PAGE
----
I’m just more comfortable writing for that audience. For one thing, you can plumb the character more than you can in a picture book or an easy reader. Characters who are eight or nine are really pretty complex and understand so much. It’s not that different from writing for an adult audience, though of course the plot is simpler in chapter books and there are many fewer characters. And somehow I feel that I’m an immature nine-year-old at heart, and so that’s where I’m most comfortable writing.

So having Nancy grow into a chapter book character was a logical progression for you as a writer?

Well, I’ve written 17 or 18 Fancy Nancy I Can Read Books, which take place in school, so Nancy was already seeming older to me. I kept getting ideas that were way too complicated for easy-to-reads, so I thought about jumping it one step older. And I’d been getting a lot of letters from girls in the third and fourth grades, asking me if I’d thought about writing chapter books about Nancy. So I discussed the idea with my editor, Margaret Anastos, and decided to try novelettes—a fancy word for chapter books!

In her first starring role in a chapter book, why make Nancy an aspiring detective?

I first thought about using the name Nancy Clancy rather than Fancy Nancy, since it sounds older. And then I thought about Nancy Drew. I adored those mysteries as a kid. My mother had a friend whose daughter was 13 when I was seven or eight, and she had the entire collection of Nancy Drew mysteries. Once a week, I got to go to her apartment and into her really cool bedroom and borrow a Nancy Drew book, which I brought back to exchange for another the following week. I was hooked.

And what inspired the plot of Nancy Clancy Super Sleuth?

It’s actually based on a story from my own family. In the book, a blue marble that belongs to Nancy’s teacher—and had belonged to his grandfather—is stolen from her classroom. Nancy figures out that her sister JoJo has stolen—or “borrowed”—it. When my own sister and I were young, our great-uncle had a bowl of glass marbles, and my sister once asked him if she could have the blue one, and he said, 'Oh no, you don’t want that old thing." But she really did—and she took it. She was then wracked with guilt and told my mother, and she had to confess and return it. So that was the crime I based the story on. My sister, Jill Abramson, did reform. She’s executive editor of the New York Times, so she turned out all right!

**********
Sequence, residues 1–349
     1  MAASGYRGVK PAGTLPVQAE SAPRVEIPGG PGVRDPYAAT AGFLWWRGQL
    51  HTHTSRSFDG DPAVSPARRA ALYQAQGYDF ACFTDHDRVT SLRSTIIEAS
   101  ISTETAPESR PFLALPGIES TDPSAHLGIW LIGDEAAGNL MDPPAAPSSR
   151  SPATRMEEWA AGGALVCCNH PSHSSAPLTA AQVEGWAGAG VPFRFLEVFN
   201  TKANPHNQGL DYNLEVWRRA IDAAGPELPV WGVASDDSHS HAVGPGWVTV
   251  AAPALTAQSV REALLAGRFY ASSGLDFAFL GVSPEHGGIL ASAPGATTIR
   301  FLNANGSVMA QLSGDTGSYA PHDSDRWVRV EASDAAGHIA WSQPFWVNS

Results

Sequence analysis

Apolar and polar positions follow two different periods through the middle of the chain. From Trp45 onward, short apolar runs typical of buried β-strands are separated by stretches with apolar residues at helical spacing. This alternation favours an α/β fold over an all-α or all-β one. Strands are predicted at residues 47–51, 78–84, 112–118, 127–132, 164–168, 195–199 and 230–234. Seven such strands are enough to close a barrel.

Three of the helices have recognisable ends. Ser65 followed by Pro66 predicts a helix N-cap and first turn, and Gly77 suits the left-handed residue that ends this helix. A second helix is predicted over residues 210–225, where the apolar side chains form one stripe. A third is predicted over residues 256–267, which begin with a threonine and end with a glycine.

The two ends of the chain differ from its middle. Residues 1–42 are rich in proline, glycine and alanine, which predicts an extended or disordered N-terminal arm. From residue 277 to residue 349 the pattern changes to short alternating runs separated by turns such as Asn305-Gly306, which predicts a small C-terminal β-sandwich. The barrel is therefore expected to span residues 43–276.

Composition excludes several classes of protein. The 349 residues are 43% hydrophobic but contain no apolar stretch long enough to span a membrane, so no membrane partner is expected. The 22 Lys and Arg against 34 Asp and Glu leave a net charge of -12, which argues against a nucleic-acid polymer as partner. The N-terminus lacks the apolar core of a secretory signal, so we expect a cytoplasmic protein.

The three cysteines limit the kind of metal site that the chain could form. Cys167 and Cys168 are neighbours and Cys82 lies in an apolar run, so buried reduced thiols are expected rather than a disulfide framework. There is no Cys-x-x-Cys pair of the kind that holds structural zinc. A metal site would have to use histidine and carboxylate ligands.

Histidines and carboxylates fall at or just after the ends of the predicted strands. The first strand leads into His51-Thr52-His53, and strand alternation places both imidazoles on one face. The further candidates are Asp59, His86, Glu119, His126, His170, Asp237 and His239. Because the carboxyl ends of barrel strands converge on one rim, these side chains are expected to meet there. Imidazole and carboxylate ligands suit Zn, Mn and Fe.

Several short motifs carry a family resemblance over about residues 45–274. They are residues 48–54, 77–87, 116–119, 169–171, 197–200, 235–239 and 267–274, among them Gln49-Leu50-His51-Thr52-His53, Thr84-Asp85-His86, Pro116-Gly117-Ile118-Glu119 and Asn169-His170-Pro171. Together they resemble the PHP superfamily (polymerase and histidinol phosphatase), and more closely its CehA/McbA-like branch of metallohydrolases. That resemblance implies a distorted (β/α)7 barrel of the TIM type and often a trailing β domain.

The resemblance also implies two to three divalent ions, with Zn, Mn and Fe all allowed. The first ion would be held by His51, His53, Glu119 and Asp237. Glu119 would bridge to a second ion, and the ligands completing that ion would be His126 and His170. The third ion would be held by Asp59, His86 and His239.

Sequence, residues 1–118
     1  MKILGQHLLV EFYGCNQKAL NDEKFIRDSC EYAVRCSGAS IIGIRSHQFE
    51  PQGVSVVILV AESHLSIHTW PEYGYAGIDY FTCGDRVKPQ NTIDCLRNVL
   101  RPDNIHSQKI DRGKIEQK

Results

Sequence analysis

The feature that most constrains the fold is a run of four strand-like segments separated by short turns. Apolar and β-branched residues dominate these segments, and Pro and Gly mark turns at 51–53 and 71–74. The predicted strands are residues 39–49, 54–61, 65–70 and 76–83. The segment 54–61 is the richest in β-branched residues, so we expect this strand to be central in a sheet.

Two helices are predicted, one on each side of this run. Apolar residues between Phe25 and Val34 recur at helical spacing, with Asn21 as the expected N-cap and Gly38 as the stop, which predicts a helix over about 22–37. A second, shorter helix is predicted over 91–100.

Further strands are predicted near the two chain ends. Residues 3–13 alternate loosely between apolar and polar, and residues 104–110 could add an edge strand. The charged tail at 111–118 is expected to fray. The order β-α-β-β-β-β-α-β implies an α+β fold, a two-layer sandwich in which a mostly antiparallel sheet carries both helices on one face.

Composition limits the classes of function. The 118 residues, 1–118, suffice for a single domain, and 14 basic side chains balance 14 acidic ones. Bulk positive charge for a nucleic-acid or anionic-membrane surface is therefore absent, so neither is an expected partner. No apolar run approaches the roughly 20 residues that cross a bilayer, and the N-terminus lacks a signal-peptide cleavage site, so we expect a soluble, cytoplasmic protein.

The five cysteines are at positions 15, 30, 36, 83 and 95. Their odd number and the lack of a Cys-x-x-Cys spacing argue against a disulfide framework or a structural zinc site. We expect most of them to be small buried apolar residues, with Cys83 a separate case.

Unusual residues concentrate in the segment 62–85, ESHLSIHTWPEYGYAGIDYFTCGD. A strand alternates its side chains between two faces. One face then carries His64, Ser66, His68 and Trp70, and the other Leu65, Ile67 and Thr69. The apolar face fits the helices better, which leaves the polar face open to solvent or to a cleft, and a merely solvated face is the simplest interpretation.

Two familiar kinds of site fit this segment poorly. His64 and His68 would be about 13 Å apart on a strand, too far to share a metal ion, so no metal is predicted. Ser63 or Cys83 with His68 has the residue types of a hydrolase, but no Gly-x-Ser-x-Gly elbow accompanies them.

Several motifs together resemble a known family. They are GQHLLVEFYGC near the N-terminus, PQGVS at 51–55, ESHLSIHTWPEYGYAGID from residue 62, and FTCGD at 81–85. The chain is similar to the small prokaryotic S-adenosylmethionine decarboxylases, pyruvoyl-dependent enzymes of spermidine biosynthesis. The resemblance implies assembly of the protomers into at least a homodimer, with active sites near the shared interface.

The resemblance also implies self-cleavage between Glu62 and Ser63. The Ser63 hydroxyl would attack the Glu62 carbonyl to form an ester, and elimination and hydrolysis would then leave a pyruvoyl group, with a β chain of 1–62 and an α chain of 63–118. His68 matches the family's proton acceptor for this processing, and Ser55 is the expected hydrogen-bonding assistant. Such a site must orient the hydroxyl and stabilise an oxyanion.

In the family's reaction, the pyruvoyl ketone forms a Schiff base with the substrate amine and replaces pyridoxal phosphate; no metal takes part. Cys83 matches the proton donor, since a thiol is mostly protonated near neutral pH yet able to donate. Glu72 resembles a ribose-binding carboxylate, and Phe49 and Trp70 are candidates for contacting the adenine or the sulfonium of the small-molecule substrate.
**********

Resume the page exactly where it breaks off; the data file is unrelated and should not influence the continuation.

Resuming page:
So what’s next for you—and Nancy Clancy?

Well, my sister Jill and I have written a picture book together—a first for us, working together on anything. It’s called Ready or Not, Here Comes Scout, which is about her desperate-to-be-loved Golden Retriever. Viking will publish it next fall. I’m also feverishly working on my second, as yet untitled, adult mystery, a follow-up to Dangerous Admissions: Secrets of a Closet Sleuth, for Avon, which is still untitled. And I’m about to do some touring for the new picture book, Fancy Nancy and the Mermaid Ballet. I usually just show up in a feather boa, but for her appearances, Robin will look like a vision out of Swan Lake. Talk about fancy! She has a white gown made of feathers, pink sequin heels and a capelet. Talk about fancy! For events promoting Nancy Clancy, Super Sleuth, I ordered a hot pink trench coat online, like the one Nancy wears on the cover of the book, and I plan to wear it to bookstore events. And I just may get out my glue gun to put rhinestones on a magnifying glass.

As for Nancy Clancy, I’ve written a second chapter book, Nancy Clancy, Secret Admirer, which will be published next January. It was very fun to write. Nancy and her best friend Bree play matchmakers between Nancy’s guitar teacher and Bree’s babysitter. This one is not a mystery—it’s more as though they are creating a mystery rather than solving one.

Are there more Nancy Clancy “novelettes” to follow?

I am to write four books in the series. And if they’re popular, I guess I’ll write more. If they aren’t, I won’t.

Since the 56 Fancy Nancy books that HarperCollins has published in various formats have sold more than 18 million copies in the U.S. alone, the popularity of the new series just might be a safe bet.

Well, I guess I’ve had some good luck. But really, who would have thunk?

Nancy Clancy, Super Sleuth by Jane O’Connor, illus. by Robin Preiss Glasser. HarperCollins, $9.99 Apr. ISBN 978-0-06-208293-0